"The push-pull electromagnetic actuator moves substantially in the plane of the substrate. For at least this reason, relatively complex structures may be used for the actuator element. For example, restoring springs may have a complex shape, in order to achieve the required spring constant. Thus, the push-pull electromagnetic actuator is relatively inexpensive and easy to fabricate, using MEMS surface micromachining techniques. Furthermore, the push-pull electromagnetic actuator uses electromagnetic actuation, which is capable of generating at least about 3 mN of actuation force and at least 10 um displacement. This actuation force may be sufficient for use as a fluid pump, to force the fluid through a 200 .mu.m aperture cannula. Because of its relatively large pumping force, the push-pull electromagnetic MEMS actuator may be coupled with a cannula or hypodermic needle and drug reservoir, to deliver a drug subcutaneously from a drug reservoir to a patient in need of the drug.
"Because the pump displacement is small, the microfabricated pump is capable of delivering dosages in very small, well controlled amounts. Because the power requirements are also small, battery operation with a button-type battery is foreseen. For these reasons, it is anticipated that this pump design may be appropriate for the delivery of small amounts of drugs such as insulin on a nearly continuous basis to a diabetic patient. The push-pull electromagnetic MEMS pump may be designed to fit within an adhesive patch worn against the skin of diabetic patients, such that the device is able to operate in a way that closely mimics the function of the human pancreas. However, potential applications are not limited to diabetes treatments. It may also be used to deliver any of a wide range of medications, including chemotherapies, pain medication and other therapeutic compounds that are best administered in small, controlled dosages. For example, the push-pull electromagnetic MEMS pump may be used for the delivery of nitroglycerin (for chest pain), scopolamine (for motion sickness), nicotine (for smoking cessation), clonidine (for high blood pressure), and fentanyl (for pain relief), as well as hormones (for menopausal symptoms) and many other drugs/applications.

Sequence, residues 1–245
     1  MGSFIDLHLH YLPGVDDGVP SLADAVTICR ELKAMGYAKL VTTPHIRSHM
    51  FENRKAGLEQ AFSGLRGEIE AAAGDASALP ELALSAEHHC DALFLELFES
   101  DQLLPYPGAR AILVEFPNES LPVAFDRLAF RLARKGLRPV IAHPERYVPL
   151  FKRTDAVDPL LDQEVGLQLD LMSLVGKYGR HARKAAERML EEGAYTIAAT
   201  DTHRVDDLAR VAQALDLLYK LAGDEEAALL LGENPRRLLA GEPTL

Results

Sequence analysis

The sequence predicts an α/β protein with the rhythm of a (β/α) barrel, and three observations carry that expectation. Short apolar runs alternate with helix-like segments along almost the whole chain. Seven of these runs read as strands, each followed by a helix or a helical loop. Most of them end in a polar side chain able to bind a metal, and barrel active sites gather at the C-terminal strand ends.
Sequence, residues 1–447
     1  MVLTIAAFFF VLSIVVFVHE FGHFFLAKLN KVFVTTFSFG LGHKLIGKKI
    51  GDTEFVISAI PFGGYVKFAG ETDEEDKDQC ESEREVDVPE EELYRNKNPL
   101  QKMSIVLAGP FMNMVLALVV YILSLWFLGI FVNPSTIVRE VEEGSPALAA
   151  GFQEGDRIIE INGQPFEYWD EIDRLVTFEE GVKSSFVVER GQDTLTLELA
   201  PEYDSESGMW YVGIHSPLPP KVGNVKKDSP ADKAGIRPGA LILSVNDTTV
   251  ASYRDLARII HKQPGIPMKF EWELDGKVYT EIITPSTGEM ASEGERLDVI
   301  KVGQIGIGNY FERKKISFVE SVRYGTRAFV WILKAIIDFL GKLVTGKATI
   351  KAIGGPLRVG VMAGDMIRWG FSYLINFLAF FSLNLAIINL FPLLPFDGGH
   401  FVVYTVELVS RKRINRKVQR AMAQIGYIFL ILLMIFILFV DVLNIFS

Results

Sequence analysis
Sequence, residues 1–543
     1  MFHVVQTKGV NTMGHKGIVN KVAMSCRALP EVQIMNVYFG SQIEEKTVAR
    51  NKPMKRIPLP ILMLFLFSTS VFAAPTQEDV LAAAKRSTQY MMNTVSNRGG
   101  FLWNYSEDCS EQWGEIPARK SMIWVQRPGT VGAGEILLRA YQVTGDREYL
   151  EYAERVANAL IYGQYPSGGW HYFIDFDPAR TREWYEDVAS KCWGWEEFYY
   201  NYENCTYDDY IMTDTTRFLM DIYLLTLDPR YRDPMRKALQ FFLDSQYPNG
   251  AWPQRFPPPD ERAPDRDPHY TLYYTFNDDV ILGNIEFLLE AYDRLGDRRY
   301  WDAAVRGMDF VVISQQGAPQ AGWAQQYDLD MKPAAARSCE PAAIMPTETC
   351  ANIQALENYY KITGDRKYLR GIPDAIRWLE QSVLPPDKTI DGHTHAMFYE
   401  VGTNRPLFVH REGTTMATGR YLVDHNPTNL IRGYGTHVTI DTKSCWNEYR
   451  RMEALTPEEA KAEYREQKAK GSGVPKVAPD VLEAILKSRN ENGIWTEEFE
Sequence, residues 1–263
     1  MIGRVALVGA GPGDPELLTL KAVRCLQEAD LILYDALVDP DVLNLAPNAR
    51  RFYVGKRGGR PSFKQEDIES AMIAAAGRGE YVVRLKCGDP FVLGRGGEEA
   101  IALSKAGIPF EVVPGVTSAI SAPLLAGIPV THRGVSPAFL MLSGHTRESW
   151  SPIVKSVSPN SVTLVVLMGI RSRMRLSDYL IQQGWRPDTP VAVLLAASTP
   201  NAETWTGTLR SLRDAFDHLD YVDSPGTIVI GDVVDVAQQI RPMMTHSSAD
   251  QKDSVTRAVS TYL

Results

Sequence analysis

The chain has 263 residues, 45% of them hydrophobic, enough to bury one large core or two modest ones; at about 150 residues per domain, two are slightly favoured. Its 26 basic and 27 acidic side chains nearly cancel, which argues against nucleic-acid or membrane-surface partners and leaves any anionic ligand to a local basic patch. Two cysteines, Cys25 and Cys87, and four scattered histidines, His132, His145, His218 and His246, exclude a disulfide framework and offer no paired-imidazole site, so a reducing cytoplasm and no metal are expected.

"While the push-pull electromagnetic actuator is described with respect to a particular application, that of a fluid pump, it should be understood that the actuator may be applied to many other situations as well. Its reciprocating motion may be adapted to the rotation of a shaft, for example, when coupled with appropriate gears and bearings.
"These and other features and advantages are described in, or are apparent from, the following detailed description."
URL and more information on this patent, see: Rubel, Paul J.. Microfabicated Electromagnetic Actuator with Push-Pull Motion. U.S. Patent Number 8608700, filed
Keywords for this news article include: Therapeutics,